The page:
Having a good data layer in place makes your life much easier when using your TMS to implement your tags. You’re left with a simple mapping exercise to make sure that all the right data points end up going to the right tags, rather than having to use Firebug to find every possible piece of data you may want in the DOM, and then write code to access it correctly.
Let me leave you with 10 tips to build a data layer that works for you (and not the other way around):
- Most importantly, document it. Create a shared, central document that shows each item in your data layer, how it is set, how it can be retrieved, and which tags use it.
- Use a dedicated data object. In some cases, you may still rely on query parameters, cookies, or the DOM, but you should have high confidence these values won’t change. Having all your data in one place makes it less likely that a code change will ruin your data.
- Make your data layer as granular as possible. For example, your page name may combine country, language, and a friendly page name. Separate those into 3 unique elements in your data object, and then use your TMS to combine them together. This preserves your flexibility if you ever change your mind.
- Use terminology that makes sense to your organization. If you use the term “order ID”, you shouldn’t care that SiteCatalyst calls it “purchaseID” or DoubleClick calls it “ord”. Your TMS will take care of that.
- Don’t overload or overcomplicate. If an element isn’t used on a page, either don’t include it in the data object for that page, or set it to an empty string. Values like “null” can cause problems in your code and yield strange values in your reports.
- Consider setting numeric values like prices to strings. This may require some extra code in the event that calculations are necessary, but you’ll have fewer times when you need to calculate than when you’ll want actual strings, so it’s easier just to stay consistent.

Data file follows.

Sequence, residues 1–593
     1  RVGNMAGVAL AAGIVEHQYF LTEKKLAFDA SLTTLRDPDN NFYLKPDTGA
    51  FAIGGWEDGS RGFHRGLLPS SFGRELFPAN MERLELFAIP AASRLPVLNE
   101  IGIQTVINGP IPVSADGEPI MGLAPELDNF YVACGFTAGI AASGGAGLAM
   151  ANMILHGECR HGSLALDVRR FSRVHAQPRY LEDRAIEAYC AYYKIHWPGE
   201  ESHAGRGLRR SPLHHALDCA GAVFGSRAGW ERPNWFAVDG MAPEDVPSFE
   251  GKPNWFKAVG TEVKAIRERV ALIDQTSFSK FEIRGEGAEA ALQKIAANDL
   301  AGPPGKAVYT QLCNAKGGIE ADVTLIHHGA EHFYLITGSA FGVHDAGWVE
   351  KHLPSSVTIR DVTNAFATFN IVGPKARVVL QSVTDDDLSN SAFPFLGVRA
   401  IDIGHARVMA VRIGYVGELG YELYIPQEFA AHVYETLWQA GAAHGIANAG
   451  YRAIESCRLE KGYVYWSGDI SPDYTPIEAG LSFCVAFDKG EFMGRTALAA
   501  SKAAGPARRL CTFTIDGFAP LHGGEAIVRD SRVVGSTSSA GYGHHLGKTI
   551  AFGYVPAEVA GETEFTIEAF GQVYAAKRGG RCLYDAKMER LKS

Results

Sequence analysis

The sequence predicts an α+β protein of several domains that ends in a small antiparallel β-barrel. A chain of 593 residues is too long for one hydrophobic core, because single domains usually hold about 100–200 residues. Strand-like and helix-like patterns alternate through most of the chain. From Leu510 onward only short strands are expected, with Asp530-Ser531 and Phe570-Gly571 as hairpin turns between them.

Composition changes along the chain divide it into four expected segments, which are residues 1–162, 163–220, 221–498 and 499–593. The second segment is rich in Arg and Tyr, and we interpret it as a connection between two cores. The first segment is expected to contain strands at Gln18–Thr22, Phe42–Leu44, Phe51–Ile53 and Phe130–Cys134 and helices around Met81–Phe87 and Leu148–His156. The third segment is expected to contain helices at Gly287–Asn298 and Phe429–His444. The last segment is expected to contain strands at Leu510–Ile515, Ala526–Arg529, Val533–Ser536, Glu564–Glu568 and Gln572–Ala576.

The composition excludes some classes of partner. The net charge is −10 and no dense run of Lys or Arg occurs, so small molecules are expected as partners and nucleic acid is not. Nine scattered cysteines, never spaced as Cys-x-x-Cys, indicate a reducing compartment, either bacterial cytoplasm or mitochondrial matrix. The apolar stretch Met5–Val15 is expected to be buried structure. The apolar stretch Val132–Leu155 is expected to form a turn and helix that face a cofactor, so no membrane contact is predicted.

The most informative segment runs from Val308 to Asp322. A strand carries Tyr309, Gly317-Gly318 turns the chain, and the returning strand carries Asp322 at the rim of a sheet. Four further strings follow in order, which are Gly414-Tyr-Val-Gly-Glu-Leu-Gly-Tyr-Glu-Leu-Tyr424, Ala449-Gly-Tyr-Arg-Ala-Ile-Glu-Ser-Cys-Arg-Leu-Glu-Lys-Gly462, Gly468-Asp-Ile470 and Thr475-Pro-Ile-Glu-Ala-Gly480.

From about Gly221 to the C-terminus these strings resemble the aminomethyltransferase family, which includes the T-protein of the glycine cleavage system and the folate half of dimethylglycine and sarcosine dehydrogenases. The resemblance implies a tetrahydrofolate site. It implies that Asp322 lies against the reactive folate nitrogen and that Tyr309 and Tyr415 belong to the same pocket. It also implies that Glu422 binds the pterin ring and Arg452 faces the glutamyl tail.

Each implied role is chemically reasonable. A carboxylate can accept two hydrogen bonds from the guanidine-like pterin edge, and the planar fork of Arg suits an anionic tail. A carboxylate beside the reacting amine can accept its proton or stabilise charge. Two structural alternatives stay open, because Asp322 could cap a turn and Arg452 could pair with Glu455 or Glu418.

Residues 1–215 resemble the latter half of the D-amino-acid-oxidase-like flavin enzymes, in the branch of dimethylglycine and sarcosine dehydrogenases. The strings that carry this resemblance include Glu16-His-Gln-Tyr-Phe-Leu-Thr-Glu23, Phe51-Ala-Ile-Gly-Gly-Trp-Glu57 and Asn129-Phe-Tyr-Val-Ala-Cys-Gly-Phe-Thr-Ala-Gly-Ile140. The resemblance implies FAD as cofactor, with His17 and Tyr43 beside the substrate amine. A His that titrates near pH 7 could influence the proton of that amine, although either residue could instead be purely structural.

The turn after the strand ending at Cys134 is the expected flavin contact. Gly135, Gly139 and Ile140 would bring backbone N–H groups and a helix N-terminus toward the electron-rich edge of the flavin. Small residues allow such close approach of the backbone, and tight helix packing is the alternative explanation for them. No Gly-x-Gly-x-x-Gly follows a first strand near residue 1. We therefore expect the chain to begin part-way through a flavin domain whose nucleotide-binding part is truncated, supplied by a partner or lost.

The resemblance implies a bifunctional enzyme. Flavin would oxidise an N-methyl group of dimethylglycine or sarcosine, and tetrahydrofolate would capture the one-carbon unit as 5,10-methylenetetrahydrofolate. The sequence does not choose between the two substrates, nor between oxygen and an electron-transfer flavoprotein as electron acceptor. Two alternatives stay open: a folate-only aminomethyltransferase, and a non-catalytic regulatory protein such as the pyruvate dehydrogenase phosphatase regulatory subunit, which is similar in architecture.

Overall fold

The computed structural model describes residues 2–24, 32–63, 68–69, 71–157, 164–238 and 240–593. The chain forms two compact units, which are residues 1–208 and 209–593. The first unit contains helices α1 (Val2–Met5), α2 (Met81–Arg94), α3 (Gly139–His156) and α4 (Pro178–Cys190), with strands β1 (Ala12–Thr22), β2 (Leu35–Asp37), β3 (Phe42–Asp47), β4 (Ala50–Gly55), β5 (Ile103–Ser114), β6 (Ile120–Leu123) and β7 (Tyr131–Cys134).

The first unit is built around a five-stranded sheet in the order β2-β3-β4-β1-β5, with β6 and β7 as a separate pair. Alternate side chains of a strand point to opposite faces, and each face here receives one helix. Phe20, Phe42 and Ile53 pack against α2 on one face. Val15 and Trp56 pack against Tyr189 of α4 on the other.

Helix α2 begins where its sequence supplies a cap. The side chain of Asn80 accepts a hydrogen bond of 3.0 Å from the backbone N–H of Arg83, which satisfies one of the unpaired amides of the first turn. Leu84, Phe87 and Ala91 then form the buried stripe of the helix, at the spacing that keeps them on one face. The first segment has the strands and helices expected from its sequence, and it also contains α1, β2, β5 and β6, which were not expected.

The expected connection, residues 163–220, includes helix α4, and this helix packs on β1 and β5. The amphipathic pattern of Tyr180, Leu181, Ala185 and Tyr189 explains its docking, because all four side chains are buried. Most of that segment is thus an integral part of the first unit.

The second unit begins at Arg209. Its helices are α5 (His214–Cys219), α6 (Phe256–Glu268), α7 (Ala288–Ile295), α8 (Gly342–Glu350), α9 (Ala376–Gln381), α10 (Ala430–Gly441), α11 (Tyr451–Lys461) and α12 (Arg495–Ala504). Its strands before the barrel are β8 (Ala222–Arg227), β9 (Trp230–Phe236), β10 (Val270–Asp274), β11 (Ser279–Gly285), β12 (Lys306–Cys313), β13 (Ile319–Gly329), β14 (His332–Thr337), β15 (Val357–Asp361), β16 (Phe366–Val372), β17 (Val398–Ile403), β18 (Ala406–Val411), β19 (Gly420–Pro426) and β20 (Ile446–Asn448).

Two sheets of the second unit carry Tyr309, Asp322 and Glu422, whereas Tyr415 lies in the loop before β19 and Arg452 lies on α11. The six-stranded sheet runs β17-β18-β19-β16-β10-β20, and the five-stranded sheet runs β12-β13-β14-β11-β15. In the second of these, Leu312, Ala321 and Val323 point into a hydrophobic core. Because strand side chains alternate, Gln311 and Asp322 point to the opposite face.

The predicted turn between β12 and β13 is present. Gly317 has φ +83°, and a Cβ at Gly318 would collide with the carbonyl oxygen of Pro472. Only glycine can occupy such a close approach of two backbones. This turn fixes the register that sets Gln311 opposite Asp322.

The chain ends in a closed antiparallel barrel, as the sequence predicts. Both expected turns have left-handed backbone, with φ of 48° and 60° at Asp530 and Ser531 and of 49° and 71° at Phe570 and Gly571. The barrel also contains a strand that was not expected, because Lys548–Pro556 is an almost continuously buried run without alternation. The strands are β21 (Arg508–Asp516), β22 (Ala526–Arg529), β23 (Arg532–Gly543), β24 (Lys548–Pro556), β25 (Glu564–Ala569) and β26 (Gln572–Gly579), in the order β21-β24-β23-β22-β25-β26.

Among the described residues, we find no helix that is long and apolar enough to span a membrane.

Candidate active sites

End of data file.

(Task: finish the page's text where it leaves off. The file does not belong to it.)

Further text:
- Understand the trade-offs between using nested objects and arrays. For example, your developer might prefer an array of product objects to represent your shopping cart, but your TMS vendor may prefer several arrays of each product attribute (one for IDs, one for names, etc.). A single array of objects may be more semantically correct, but it’s much faster to loop through several arrays that have all their items in the same order. Your tool may make this decision for you – but know why you’ve chosen the approach you have.
- Don’t be afraid of quick fixes – but don’t be afraid to “fix your fixes”, either. Sometimes you’ll be in a hurry and might need to rely on DOM manipulation or quick fixes for your tracking. Make sure these are clearly documented, and work to move that data into the data object as quickly as possible.
- Hold everyone in your organization accountable. Make sure your data layer stays accurate over time, and that it remains the single source of truth for all your tags. If your data layer is accurate, your data will be accurate, too.
Getting your data layer right is the most important thing you’ll do when implementing your TMS. It’s what allows your development team to be website experts, without needing to be experts in every tag you might use. But it also forces marketers adhere to the centralization that was likely a key reason IT went along with the TMS in the first place. So get your data layer right – and keep everyone happy, all the way around!